Data were expressed as the SEM (mean ± standard error of the mean) and analyzed by repeated measures analysis of variance (ANOVA), FCM, MTS and RT-qPCR data were also analyzed with Duncan's multiple-range tests using the SPSS13.0 software. P <0.05 was considered to be significantly difference; P <0.01 was considered to be very significantly difference.

FCM analysis of apoptosis after BMP15 treatment

After treatment with different doses of BMP15 for 96 h, induction of apoptosis was analyzed using FCM. Apoptotic and necrotic cells were distinguished according to annexin V-FLOUS reactivity and propidium iodide (PI) exclusion. BMP15 (0-200ng/ml) induced a dose-dependent decrease in apoptosis in cumulus cells (Fig. 1a-e). In particular, levels of cumulus cell apoptosis reduced significantly in cells treated with 50-200ng/ml of BMP15 (Fig. 1c-e). Fig. 1e shows that the death rate of cumulus cells which treated with 200ng/ml of BMP15 increased significantly. It is suggested that cells cannot maintain normal growth at this concentration. BMP15 with 100ng/ml was therefore chosen as the concentration for subsequent experiments.

Fig. 1

BMP15 reduces apoptosis rate in cumulus cells. Cumulus cells were treated with 0-200 ng/ml BMP15. Apoptosis was determined by annexin V-FLUOS intensity and mitochondrial transmembrane potential (DWm) depolarization ratio with flow cytometry on the FLUOS or phyco-erythrin (PE)-Texas Red channel. a,b,c,d,e representative images of flow cytometry showing annexin V-FLUOS and DWm depolarization ratio in cumulus cells. a,0ng/ml; b,25ng/ml; c,50ng/ml; d,100ng/ml; e,200ng/ml.

Fig. 1

BMP15 reduces apoptosis rate in cumulus cells. Cumulus cells were treated with 0-200 ng/ml BMP15. Apoptosis was determined by annexin V-FLUOS intensity and mitochondrial transmembrane potential (DWm) depolarization ratio with flow cytometry on the FLUOS or phyco-erythrin (PE)-Texas Red channel. a,b,c,d,e representative images of flow cytometry showing annexin V-FLUOS and DWm depolarization ratio in cumulus cells. a,0ng/ml; b,25ng/ml; c,50ng/ml; d,100ng/ml; e,200ng/ml.

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Analysis of differentially expressed gene (DEG) libraries

In order to understand the regulation mechanism of the host cell's response to BMP15, the global gene expression profiles in cumulus cells was measured by using the Solexa high-throughput sequencing system based on tag transcriptome sequencing. DEG libraries were sequenced from two groups of porcine cumulus cells which treated with 100ng/ml BMP15 and untreated severally. The major sequencing results of the two libraries are summarized in Table 2. Approximately 3.6 million total sequence tags per library were obtained, among which there are 1.9 million distinct tag sequences. The raw reads were classified by filtered clean reads, low quality tags, the tags containing N and the sequences that consisted only of adapters before mapping the tag sequences to the reference sequences. We obtained approximately the same number of total clean sequence reads per library, with 3,613,596 and 3,616,470 distinct clean read sequences. The tags with copy number >1 were then filtered and the data are shown in Table 2. The number of both total sequence tags and distinct sequence tags in N-BMP15 library is higher than the BMP15 libraries.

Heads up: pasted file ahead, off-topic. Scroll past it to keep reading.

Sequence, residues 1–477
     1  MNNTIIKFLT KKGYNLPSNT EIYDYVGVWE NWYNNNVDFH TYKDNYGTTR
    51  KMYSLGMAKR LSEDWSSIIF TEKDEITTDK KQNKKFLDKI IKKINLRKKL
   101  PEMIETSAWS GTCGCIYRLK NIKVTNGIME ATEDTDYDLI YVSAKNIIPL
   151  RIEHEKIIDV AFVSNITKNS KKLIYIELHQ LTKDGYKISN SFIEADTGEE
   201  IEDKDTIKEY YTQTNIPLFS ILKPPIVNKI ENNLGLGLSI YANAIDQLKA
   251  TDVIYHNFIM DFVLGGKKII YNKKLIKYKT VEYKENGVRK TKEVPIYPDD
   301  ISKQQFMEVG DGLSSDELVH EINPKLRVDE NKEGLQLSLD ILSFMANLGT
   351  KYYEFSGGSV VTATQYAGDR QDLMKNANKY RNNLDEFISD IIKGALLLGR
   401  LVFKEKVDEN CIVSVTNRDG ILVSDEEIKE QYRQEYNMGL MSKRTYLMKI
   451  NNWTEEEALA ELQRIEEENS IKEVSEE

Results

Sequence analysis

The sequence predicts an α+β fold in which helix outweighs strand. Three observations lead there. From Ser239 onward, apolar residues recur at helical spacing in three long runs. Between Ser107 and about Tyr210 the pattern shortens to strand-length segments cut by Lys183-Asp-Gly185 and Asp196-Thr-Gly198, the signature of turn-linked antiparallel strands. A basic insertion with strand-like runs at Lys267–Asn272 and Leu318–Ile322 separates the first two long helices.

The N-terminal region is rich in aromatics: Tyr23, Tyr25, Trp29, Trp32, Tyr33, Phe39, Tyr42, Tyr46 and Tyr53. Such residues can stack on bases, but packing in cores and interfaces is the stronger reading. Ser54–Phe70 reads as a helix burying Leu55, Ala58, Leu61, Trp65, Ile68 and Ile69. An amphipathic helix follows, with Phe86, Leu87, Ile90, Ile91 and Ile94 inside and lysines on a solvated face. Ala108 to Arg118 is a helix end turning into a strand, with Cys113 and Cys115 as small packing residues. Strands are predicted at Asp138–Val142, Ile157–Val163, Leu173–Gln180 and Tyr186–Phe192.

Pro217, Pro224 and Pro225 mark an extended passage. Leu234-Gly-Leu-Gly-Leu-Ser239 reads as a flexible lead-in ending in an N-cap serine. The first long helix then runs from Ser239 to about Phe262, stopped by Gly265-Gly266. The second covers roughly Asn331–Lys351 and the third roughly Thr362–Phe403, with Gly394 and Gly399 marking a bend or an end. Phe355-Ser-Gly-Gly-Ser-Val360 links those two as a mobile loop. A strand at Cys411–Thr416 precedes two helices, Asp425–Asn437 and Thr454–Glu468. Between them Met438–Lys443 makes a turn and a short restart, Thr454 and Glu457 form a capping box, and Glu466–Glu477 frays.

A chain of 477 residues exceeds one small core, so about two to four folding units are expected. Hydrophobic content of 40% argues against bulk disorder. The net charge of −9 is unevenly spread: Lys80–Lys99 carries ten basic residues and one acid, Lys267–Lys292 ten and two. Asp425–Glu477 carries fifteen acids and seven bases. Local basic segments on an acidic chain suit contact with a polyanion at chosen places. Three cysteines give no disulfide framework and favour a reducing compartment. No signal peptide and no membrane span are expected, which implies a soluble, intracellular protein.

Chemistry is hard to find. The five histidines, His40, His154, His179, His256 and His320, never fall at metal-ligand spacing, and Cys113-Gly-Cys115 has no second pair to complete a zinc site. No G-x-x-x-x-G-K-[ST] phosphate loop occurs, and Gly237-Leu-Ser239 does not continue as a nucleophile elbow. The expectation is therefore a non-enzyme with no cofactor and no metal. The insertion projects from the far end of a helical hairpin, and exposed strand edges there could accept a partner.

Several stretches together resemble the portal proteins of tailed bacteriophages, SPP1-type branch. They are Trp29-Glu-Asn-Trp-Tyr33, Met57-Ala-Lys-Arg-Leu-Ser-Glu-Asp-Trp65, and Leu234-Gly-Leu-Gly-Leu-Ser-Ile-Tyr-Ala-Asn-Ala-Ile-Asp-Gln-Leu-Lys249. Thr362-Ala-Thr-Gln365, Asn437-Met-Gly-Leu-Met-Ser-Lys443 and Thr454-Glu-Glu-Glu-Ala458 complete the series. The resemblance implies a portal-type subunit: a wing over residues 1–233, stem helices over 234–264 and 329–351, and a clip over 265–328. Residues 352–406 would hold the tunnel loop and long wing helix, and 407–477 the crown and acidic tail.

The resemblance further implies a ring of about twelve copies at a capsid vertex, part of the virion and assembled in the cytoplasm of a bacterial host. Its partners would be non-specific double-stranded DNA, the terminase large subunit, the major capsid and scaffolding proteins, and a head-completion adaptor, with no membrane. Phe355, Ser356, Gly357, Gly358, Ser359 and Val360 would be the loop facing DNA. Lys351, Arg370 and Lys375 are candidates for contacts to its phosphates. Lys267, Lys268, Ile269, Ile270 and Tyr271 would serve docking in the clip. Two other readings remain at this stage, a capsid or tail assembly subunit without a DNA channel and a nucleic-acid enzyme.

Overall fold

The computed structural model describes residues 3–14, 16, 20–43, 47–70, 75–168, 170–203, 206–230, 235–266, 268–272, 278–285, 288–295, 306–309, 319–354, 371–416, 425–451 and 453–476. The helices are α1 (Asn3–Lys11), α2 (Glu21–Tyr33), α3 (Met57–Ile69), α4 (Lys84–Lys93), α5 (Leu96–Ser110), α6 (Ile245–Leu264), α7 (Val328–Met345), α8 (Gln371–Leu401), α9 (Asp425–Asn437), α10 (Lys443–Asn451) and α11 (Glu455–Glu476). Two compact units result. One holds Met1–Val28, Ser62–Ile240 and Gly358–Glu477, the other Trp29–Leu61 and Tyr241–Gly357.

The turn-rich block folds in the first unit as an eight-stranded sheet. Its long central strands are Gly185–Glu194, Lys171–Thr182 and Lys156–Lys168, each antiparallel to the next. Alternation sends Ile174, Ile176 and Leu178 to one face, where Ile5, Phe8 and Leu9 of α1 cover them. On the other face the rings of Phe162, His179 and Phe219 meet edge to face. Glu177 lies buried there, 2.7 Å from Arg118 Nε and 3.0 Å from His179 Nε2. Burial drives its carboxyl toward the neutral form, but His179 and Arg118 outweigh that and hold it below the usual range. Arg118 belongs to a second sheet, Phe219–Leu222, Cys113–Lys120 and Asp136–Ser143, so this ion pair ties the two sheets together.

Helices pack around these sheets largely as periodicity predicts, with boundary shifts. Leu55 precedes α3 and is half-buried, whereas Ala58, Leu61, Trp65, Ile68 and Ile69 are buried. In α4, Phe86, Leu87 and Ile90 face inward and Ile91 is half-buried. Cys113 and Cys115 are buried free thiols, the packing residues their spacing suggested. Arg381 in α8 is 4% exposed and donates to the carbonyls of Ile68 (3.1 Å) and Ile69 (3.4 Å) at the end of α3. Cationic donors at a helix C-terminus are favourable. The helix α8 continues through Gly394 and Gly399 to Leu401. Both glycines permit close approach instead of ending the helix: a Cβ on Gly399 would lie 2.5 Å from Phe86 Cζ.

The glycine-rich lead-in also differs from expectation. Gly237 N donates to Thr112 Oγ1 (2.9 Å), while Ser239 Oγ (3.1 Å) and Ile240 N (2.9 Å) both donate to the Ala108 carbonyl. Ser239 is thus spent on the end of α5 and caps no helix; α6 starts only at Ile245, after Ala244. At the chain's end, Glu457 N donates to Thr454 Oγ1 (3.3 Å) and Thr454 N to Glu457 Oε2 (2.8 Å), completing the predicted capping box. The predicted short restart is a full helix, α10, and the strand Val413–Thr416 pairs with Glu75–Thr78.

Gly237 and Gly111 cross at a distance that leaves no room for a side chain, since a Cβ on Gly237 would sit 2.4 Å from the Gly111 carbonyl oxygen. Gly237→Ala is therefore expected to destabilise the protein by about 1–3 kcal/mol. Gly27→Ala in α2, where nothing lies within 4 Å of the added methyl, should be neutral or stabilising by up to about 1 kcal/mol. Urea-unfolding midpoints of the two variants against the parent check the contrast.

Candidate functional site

Table 2

Sequencing quality statistics for the cumulus cells treated with (BMP15) and without BMP15(N-BMP15)

Sequencing quality statistics for the cumulus cells treated with (BMP15) and without BMP15(N-BMP15)
Sequencing quality statistics for the cumulus cells treated with (BMP15) and without BMP15(N-BMP15)

For tag mapping, total 2,571,691 mapped reads and 1,041,905 unmapped read sequences were obtained in the BMP15 treatment sample while total 2,612,111 mapped reads and 1,004,359 unmapped read sequences in the N-BMP15 treatment sample. Two mismatches in each alignment were allowed considering polymorphisms in the samples. Under these criteria, 54.43% and 53.76% of unique match tags mapped to the Unigene tag database, 60.94% and 60.13% of the perfect match tags mapped unambiguously to Unigene, 28.83% and 27.77% of the unmapped reads tags can not map to the database (Table 2).

Expression of CCL2 (MCP-1) and FBN1 was altered in cumulus cells after BMP15 treatment

The genes related to apoptosis are summarized in Fig. 2B. CCL2 (MCP-1), FBN1 and OXTR may be involved in apoptosis based on GO and Pathway analysis. The expression levels of CCL2 and FBN1 in cumulus cells were measured in the presence or absence of BMP15 by RT-qPCR. The results showed that CCL2 was upregulated and FBN1 was downregulated in porcine cumulus cells with BMP15 treatment (Fig. 2C). Moreover, because of previous research indicates that CCL2 suppresses apoptosis [14] and FBN1 induces apoptosis in vitro [15], the two genes were chosen for further research.